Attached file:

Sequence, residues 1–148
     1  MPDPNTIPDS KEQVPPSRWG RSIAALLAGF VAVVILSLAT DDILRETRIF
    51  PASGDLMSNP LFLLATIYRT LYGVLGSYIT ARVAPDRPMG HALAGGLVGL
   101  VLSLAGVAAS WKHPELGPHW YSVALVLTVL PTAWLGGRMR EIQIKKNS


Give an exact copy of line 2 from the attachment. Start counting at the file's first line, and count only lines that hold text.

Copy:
     1  MPDPNTIPDS KEQVPPSRWG RSIAALLAGF VAVVILSLAT DDILRETRIF